Allergic Nose Solution

Nasal irrigation invites infections

Women relaxing in her home

Women relaxing in her home

For persons with sinus problems, the only way to get rid of the chronic feeling of being stuffed up may be either medication or using nasal saline irrigation.

But research, presented at the annual meeting of the American College of Allergy, Asthma & Immunology, finds that despite short-term benefits, the long-term effect could be to make one prone to more sinus infections.

How Nasal Irrigation Works

In nasal irrigation, one uses a bulb syringe, squeeze bottle, or neti pot to pour or spray a hypertonic mixture of salt and water into the nostril and through the nasal cavity into the other nostril. Irrigation with the neti pot, a fixture of Ayurveda, is considered on the six cleansing practices or kriyas. Their use accelerated when doctor Oz shared neti pot use on the Oprah Winfrey show in 2007. But some researchers question its long-term benefits.

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“By washing the nose, we are removing the bad mucus but, unfortunately, we are also removing the good mucus that contains the antimicrobial agents as well,” says Talal Nsouli, M.D., clinical professor of pediatrics and allergy/immunology at Georgetown University School of Medicine and director of Watergate & Burke Allergy & Asthma Centers, in Washington D.C. “And, by depleting the nose of its immune elements, we expose the patient to more sinus infections.”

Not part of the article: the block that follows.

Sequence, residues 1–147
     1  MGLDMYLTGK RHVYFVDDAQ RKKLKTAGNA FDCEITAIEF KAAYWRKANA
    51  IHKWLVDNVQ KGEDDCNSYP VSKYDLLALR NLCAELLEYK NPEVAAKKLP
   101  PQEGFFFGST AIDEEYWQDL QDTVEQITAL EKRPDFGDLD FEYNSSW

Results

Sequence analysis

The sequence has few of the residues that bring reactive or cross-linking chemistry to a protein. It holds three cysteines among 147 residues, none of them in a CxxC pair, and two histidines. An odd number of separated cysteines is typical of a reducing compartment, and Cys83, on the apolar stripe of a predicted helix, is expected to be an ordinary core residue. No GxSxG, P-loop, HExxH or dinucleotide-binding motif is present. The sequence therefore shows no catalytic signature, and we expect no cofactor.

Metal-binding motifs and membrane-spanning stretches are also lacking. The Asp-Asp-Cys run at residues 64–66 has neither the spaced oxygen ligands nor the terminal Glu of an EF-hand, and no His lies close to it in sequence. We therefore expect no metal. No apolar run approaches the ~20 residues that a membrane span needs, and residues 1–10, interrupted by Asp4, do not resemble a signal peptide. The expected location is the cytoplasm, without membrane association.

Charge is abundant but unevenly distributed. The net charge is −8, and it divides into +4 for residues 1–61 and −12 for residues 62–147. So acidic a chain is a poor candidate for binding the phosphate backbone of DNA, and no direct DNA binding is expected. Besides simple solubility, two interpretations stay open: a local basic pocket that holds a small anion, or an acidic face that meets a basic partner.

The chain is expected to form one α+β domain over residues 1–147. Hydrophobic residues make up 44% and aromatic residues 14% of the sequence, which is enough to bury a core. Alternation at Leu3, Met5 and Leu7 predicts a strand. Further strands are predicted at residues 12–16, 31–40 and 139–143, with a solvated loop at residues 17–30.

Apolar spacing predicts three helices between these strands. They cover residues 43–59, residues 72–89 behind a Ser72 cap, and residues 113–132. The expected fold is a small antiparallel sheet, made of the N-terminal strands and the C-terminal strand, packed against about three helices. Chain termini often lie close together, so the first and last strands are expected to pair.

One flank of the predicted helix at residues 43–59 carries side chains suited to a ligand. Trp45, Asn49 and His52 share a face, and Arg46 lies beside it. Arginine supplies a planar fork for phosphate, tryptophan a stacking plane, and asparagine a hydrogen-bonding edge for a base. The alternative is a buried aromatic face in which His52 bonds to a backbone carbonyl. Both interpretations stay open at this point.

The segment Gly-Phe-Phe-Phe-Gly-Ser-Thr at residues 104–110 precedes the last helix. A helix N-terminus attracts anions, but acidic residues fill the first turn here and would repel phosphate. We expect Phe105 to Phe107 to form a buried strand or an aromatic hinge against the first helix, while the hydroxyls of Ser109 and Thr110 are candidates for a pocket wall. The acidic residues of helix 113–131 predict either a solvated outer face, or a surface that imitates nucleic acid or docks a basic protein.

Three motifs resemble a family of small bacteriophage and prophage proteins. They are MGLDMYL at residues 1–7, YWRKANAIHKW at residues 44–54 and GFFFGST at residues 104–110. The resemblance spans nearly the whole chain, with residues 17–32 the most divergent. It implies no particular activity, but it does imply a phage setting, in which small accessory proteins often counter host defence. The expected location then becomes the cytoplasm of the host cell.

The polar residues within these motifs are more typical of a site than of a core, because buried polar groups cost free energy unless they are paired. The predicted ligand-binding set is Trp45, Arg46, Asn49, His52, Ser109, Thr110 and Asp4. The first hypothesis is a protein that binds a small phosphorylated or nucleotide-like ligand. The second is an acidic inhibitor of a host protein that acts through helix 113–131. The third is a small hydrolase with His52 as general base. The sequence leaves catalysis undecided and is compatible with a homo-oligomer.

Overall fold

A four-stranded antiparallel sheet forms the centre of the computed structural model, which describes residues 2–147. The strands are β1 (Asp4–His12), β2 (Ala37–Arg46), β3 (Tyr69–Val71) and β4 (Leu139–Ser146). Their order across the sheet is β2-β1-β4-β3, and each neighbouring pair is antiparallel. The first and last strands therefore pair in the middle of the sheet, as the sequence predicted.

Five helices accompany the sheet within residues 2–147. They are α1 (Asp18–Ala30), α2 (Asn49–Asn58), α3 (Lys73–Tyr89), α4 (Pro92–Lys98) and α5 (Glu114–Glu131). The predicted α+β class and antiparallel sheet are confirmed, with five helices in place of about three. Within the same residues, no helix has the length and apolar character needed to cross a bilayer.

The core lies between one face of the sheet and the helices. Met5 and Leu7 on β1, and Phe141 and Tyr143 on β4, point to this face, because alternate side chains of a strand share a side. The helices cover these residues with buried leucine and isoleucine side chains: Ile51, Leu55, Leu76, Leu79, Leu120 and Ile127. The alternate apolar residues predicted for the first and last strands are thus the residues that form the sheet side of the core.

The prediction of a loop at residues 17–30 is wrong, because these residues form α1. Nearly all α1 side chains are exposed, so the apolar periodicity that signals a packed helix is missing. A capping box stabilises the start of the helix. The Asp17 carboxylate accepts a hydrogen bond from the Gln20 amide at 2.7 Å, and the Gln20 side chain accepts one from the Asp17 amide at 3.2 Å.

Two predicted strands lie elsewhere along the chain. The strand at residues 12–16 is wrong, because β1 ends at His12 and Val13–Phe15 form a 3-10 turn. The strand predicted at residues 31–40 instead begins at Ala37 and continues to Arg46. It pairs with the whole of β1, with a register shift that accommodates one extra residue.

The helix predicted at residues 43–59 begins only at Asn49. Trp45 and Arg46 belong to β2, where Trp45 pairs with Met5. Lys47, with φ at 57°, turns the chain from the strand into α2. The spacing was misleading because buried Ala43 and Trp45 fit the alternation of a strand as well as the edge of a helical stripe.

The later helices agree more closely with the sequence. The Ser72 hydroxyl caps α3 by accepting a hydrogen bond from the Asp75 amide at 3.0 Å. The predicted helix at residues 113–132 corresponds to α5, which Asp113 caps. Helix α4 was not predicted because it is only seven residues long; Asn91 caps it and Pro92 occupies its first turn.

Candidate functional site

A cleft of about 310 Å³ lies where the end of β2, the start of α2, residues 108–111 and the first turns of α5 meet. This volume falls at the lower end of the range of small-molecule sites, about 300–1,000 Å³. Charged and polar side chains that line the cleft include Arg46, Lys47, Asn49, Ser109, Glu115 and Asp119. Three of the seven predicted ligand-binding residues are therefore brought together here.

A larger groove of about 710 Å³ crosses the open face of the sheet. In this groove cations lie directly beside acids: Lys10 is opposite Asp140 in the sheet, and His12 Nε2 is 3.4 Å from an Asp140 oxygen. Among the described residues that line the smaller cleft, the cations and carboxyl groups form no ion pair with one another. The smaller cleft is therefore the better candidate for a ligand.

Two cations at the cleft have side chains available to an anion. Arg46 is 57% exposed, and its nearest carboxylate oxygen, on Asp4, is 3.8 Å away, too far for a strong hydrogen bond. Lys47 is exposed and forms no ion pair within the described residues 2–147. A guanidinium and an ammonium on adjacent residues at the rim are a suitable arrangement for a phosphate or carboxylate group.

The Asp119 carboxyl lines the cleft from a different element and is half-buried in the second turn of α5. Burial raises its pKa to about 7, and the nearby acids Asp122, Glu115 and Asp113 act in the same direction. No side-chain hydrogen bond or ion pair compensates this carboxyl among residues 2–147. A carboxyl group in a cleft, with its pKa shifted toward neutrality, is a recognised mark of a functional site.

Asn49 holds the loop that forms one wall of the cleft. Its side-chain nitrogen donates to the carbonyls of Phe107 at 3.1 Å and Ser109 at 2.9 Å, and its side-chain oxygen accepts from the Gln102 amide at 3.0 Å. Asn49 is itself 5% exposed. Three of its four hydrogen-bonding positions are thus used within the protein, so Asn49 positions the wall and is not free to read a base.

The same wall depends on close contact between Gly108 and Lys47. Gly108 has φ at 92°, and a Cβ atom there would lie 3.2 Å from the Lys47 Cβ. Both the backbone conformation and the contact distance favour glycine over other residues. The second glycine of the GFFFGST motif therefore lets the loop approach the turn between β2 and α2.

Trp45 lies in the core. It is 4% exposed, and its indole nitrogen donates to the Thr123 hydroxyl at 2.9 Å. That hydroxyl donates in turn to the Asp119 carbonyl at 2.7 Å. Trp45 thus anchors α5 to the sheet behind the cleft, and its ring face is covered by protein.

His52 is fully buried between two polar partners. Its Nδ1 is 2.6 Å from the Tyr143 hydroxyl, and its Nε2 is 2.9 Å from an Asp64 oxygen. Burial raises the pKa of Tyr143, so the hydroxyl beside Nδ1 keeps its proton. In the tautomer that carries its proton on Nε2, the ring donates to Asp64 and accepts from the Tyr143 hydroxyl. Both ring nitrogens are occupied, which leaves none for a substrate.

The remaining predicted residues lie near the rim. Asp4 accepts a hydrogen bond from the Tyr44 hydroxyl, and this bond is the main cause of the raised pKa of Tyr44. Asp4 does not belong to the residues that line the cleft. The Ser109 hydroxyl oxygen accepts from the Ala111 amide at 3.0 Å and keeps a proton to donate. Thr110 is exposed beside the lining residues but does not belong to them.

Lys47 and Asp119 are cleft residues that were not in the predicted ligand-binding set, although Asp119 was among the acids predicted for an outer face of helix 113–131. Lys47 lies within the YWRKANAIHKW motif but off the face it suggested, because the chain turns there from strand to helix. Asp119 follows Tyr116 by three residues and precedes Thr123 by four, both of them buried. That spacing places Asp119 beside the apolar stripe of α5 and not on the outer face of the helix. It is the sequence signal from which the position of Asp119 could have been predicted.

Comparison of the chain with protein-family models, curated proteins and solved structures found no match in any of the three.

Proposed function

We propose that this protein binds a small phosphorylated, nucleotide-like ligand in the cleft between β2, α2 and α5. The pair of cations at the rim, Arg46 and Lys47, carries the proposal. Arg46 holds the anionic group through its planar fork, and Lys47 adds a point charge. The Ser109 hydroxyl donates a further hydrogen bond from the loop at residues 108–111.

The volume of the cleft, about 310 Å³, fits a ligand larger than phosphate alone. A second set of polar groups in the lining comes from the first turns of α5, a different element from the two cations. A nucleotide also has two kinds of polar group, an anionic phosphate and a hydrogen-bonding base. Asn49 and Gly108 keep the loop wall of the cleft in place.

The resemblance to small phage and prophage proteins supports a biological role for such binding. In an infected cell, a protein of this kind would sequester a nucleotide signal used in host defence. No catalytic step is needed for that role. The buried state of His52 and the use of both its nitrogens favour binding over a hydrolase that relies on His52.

Neti Not So Good

Some 68 participants in the study that Nsouli conducted used nasal irrigation two times daily for one year and none at all in the second year. Their rate of sinus infections went down 62% in the second year. Nsouli connects this with the adverse effects of nasal irrigation.

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“People who were using nasal sinus irrigation were having an average of eight sinus infections a year. They dropped to three per year,” Nsouli said. “The nasal secretions do contain immune elements that protect patients against infection. Our recommendation is that patients should not use nasal saline on regular basis, only when they have an infection. Long-term use was harmful and not helpful at all, and depleting the nose of its immune elements caused infections to occur on chronic basis.”

Other doctors concurred.

“There’s a blanket of little, hair-like projections called cilia in the nose, and those cilia can be stunned if they’re chronically bathed in hypertonic, which is excess salt, or hypo, which is too-little salt, rinses,” said Dr. Michael J. Bergstein, senior attending physician at Northern Westchester Hospital Center in Mt. Kisco, New York. “Do not use nasal saline irrigation as a maintenance because you’ll be altering the natural immune benefit that the sinuses have.”

Read Part 2: What to do

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